For a comparative historical analysis of the medical profession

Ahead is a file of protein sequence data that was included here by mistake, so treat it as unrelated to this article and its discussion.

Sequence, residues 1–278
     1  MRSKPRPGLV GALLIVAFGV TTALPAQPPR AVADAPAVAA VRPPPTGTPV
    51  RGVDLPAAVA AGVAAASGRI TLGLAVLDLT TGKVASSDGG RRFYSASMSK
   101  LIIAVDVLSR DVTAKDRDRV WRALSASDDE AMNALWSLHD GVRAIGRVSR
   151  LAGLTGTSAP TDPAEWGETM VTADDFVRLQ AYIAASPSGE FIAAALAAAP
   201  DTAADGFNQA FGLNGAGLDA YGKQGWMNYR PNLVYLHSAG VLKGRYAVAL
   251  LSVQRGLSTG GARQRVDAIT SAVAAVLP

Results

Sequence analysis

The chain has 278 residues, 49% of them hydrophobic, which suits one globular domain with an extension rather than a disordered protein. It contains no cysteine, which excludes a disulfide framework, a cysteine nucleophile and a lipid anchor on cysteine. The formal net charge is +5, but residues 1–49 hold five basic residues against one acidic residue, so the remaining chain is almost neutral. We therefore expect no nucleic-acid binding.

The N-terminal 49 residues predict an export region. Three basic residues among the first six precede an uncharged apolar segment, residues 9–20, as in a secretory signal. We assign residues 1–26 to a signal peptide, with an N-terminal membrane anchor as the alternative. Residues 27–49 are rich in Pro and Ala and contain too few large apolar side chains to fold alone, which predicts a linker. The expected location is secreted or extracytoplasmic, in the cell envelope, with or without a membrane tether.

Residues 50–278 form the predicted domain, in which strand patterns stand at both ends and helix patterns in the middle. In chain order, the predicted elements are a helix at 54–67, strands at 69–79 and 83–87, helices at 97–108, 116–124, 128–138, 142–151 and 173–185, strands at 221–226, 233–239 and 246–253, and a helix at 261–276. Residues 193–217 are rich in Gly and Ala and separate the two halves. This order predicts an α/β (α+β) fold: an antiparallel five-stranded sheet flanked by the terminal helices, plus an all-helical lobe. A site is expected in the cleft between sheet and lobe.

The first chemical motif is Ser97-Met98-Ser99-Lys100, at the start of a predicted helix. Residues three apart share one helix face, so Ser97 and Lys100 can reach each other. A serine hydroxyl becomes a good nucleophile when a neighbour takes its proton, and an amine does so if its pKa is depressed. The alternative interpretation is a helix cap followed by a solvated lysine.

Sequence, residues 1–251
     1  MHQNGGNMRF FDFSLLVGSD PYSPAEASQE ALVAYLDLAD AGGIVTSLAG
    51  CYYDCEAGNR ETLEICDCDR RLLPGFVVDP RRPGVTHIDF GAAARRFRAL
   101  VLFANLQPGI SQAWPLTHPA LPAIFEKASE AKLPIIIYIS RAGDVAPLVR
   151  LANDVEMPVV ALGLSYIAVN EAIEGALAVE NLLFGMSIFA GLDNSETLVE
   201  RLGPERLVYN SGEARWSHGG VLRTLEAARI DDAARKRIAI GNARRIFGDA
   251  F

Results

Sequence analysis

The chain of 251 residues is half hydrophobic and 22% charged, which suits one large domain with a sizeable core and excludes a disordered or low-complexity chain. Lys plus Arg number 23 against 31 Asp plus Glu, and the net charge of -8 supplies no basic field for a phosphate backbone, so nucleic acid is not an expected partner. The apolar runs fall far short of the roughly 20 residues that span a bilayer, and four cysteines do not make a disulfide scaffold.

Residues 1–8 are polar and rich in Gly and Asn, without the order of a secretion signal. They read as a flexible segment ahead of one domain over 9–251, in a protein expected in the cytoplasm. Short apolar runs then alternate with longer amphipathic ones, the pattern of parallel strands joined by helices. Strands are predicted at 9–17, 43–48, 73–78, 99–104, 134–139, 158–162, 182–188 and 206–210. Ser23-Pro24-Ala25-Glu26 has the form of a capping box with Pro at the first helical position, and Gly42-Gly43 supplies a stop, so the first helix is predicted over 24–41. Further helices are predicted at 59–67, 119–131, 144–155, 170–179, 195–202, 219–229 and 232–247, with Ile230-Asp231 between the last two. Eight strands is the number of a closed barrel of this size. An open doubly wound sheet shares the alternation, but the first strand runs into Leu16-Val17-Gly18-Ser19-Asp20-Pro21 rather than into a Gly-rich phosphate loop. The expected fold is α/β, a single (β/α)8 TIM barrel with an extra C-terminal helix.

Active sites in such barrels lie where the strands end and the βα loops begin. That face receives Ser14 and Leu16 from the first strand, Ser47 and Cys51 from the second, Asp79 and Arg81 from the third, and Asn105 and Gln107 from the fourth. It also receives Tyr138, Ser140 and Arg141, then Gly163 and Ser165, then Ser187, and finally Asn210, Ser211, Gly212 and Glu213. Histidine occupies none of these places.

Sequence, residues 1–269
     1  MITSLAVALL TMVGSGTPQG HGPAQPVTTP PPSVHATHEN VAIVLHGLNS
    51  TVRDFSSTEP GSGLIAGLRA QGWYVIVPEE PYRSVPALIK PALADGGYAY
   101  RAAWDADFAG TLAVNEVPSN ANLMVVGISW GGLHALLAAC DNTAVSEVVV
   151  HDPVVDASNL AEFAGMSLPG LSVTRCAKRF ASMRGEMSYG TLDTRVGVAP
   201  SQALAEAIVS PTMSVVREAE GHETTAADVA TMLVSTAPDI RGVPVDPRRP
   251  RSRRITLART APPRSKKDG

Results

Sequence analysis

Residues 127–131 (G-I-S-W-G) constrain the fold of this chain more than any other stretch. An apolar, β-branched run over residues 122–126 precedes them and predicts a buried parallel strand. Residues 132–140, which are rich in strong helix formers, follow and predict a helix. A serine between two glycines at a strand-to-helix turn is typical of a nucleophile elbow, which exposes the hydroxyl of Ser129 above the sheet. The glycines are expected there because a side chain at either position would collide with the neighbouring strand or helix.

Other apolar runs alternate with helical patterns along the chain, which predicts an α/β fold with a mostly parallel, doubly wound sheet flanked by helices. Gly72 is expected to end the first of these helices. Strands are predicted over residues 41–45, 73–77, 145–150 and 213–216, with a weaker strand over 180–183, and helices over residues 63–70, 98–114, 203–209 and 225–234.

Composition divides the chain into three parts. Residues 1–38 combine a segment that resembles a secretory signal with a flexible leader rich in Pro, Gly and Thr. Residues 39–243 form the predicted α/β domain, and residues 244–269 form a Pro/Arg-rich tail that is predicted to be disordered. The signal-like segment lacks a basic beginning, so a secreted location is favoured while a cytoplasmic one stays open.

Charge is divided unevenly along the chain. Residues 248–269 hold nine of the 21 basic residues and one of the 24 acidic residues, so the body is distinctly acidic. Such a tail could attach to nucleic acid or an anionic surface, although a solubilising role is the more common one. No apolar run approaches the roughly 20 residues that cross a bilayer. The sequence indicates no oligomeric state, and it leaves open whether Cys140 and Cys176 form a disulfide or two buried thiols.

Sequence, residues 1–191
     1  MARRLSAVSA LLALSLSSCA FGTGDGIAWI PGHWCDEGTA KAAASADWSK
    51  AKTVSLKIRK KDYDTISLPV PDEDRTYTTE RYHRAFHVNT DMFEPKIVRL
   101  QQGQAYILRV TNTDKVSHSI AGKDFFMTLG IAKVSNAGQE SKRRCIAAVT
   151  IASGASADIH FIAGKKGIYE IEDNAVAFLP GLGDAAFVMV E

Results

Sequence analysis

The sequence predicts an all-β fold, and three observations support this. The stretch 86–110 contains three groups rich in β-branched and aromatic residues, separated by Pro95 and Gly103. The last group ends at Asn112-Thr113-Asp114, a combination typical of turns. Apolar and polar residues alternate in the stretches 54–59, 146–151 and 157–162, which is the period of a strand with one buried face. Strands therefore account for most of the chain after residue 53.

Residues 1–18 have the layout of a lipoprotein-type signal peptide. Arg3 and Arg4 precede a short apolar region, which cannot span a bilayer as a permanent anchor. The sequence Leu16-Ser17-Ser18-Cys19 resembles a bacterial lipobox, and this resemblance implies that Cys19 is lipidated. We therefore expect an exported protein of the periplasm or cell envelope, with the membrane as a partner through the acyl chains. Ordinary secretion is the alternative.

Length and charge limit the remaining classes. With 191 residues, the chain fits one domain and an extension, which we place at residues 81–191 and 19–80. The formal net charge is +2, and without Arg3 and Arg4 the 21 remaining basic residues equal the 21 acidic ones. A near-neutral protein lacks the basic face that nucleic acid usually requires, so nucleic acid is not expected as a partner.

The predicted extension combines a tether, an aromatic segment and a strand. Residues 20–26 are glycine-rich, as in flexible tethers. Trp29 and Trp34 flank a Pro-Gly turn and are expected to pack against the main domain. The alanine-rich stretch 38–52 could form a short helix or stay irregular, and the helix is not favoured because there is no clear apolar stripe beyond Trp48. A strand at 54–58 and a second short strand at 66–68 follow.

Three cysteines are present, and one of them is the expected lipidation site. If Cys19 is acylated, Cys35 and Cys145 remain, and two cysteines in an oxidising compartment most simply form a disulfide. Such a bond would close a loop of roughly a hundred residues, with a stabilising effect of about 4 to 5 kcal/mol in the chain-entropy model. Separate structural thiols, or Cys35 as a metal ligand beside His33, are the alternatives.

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The debate within the sociology of professions reflects the widely felt need in the field of sociology, to integrate the often conflicting analytical models that developed during the twentieth century. In this research, there is a clear need to overcome the individual-frame dichotomy in order to understand not only the microfoundations of social structures, but also the change in them over time. As such, studying the medical profession seems to be a particularly interesting field of research. In their job, doctors go through and mirror the clinical context of their relationship with/ interdependence on their patients (micro), the communitarian and organizational contexts (meso) to which they belong, and the healthcare and social systems (macro) which they inhabit. However, some recent contributions regarding the debate on professions could once again lock on to the codification and typification of different models of profession that historical and sociological research has always put forward rather than on those conceptual devices that are capable of reading the mechanisms of what they are and what they will become. In this situation, drawing from Elias' work would be recommendable not only for further analytical categories but also for an epistemic choice that is able to guide the study toward those necessarily interactive dynamics that are at the base of the genesis and transformation of a profession which continues to be the hub of the society.